These types of things happen often. Maybe the party required to send notice forgot. Maybe they did not want to upset the other party because they are hoping for more work in the future, or because of some other rationale that seems acceptable at the time. Or maybe the party is receiving reassurances that all claims will be handled together at a later date and there is no need to start the claims process right now. Whatever the reasons, if you have a notice requirement in your contract or that is required by law for some event or issue and you do not meet that notice requirement, you are opening yourself up to a claim by the other party that you have waived your rights.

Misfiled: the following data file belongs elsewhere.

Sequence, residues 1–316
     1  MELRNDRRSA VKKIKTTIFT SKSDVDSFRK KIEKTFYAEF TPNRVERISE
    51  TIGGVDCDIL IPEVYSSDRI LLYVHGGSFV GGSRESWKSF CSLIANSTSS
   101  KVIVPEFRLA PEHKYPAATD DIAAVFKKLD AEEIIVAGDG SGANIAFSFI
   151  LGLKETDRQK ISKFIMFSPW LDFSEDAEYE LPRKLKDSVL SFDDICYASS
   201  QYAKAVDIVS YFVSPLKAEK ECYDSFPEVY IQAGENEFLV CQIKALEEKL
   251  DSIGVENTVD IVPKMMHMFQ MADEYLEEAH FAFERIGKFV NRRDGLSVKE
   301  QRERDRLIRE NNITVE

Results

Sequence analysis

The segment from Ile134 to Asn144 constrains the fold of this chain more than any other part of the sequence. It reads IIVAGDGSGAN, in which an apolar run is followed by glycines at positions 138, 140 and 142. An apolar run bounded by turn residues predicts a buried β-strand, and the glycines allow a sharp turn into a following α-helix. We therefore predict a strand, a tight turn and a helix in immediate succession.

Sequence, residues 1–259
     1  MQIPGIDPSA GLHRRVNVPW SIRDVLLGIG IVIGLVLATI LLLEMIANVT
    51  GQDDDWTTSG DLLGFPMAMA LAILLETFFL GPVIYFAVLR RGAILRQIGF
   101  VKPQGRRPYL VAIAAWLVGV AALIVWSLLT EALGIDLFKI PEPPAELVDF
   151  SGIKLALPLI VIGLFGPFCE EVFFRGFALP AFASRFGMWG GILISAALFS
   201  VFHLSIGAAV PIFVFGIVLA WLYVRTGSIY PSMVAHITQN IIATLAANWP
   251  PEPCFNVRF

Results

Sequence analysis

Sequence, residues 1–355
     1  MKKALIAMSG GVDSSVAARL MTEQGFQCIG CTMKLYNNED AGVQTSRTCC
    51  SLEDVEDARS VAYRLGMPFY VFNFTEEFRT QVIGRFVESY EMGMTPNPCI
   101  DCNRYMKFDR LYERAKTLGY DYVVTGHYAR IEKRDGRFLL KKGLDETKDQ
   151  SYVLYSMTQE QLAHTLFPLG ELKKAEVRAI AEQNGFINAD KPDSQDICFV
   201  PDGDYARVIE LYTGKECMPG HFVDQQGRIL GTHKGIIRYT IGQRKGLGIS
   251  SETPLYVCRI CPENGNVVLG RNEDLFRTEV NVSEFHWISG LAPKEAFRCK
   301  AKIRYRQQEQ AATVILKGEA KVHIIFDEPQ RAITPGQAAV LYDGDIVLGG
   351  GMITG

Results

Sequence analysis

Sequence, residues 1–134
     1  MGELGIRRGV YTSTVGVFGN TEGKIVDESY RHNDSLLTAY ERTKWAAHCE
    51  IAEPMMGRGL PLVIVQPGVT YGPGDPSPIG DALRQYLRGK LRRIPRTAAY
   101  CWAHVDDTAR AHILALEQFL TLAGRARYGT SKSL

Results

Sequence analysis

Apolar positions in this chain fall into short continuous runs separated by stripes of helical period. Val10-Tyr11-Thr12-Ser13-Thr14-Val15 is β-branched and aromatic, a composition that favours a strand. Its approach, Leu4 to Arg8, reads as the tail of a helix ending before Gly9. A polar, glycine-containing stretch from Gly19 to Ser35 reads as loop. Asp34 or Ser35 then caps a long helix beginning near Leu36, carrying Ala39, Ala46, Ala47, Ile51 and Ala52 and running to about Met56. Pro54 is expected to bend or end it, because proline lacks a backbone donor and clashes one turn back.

Unfortunately, there is no sure-fire way to avoid conflicts in construction contracting. However, there are some best practices that you can apply to help mitigate issues with waiver. One is simple - read the contract (one of my colleagues emphasizes this by reminding clients “RTFC! – Read the Contract!”). Identify all of the instances in the contract where you are required to take some action in order to secure a right provided in the contract. In addition, if applicable, learn the lien and bond notice requirements. Consider the notice requirements that another party may have. Note the triggering event, the required response, and the time frame in which the response must occur. But it does not stop there. Everyone on the project should know the importance of providing notice when notice is required and be aware of events that might lead to a notice requirement. But in the end, one person should be in charge of providing notice when required.